Explanatory models and help-seeking behavior: Pathways to psychiatric care among patients admitted for depression in Mulago hospital, Kampala, Uganda

Qual Health Res. 2007 Jan;17(1):14-25. doi: 10.1177/1049732306296433.


In this article, the authors present findings from a qualitative study exploring how people diagnosed with depression conceptualize their condition and how their conceptualization shaped their efforts to seek help. They used an interview guide based on an explanatory model framework for data collection. Four major themes emerged from the analysis: (a) somatization, social meaning of illness, and help seeking; (b) meaning and perceived consequences of illness; (c) How did I get here? Making sense of psychiatric admission; and (d) variations in the causal attribution and the role of significant others in help seeking. Somatization of emotional problems, variations in causal attribution between patients and their significant others, the nature of the available health care system, and burden of infectious disease complicate access to care. These findings suggest the need to raise the awareness of primary care providers on how to recognize and help people with depression appropriately in this setting.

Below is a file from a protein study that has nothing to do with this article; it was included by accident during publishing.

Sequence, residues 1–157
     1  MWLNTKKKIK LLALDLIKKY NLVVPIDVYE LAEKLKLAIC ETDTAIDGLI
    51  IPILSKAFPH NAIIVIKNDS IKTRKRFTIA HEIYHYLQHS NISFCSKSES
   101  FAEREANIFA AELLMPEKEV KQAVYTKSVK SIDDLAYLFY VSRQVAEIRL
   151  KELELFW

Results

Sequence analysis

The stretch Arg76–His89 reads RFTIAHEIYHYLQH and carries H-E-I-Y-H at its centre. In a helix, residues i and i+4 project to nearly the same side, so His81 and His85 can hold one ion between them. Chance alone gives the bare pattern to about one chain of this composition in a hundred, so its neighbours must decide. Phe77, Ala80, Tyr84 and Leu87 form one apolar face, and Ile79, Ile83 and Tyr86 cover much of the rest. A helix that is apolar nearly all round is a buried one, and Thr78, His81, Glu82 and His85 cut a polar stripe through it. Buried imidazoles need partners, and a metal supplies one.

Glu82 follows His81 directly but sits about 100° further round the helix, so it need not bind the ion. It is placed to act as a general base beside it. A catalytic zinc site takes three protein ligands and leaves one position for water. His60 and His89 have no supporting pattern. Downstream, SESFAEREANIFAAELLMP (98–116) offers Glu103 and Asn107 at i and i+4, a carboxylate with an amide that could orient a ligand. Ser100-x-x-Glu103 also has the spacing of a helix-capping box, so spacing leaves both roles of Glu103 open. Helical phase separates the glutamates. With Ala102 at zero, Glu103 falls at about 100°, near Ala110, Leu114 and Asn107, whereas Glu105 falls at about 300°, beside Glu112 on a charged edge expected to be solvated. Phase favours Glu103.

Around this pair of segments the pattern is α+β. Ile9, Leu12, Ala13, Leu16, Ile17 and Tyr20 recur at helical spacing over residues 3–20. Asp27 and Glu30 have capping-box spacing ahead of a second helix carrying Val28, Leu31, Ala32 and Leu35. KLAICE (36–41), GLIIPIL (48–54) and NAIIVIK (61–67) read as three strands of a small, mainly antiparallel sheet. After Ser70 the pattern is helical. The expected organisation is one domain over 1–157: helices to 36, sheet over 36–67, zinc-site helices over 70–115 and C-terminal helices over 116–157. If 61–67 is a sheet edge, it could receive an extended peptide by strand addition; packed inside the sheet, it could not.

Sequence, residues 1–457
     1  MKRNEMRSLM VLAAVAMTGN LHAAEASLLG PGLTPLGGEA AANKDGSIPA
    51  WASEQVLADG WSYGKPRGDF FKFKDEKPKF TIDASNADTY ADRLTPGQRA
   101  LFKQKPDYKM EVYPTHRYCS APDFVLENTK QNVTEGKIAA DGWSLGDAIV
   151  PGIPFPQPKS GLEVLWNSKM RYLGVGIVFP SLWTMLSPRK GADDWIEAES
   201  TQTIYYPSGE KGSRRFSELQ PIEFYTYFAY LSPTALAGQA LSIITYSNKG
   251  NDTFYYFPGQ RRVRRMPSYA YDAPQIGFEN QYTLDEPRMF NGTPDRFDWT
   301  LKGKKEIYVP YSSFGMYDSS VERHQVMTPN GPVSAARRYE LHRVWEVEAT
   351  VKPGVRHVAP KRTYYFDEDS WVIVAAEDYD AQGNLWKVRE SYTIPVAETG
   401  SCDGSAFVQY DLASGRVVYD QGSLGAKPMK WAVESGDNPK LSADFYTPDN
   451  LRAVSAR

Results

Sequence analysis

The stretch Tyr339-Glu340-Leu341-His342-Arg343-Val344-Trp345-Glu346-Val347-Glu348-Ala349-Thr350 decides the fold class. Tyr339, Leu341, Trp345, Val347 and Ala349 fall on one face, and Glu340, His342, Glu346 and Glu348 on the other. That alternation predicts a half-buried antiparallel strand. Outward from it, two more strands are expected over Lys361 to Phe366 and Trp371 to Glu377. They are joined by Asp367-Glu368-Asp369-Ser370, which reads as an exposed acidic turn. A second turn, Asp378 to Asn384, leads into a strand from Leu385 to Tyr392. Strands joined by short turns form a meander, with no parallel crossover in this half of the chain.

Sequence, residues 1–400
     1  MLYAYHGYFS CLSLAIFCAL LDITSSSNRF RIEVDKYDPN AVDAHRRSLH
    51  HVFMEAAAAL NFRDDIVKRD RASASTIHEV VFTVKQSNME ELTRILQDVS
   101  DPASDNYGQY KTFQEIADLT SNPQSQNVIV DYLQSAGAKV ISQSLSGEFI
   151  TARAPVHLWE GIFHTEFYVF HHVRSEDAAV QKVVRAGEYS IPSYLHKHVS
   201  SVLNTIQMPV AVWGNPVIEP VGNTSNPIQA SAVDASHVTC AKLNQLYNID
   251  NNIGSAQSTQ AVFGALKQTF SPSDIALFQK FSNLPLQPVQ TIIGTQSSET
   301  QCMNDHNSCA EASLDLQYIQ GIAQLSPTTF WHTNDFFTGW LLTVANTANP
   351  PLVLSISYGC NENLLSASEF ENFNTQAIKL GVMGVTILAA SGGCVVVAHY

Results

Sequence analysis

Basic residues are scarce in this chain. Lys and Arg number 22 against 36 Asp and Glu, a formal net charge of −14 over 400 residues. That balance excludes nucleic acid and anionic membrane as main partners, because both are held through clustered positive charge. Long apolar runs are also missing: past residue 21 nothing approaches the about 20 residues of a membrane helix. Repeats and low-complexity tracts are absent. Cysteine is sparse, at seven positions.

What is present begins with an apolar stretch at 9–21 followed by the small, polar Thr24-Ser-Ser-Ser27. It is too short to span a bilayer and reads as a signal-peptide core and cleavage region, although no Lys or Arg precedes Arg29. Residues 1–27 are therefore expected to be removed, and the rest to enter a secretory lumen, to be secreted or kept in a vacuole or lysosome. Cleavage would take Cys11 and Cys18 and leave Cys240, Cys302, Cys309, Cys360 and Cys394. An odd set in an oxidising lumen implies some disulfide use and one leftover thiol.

Publication types

  • Research Support, Non-U.S. Gov't

MeSH terms

  • Adolescent
  • Adult
  • Aged
  • Depressive Disorder / complications
  • Depressive Disorder / psychology*
  • Depressive Disorder / therapy*
  • Female
  • Humans
  • Male
  • Mental Health Services / statistics & numerical data*
  • Middle Aged
  • Models, Psychological*
  • Patient Acceptance of Health Care / psychology*
  • Qualitative Research
  • Somatoform Disorders / complications
  • Uganda / epidemiology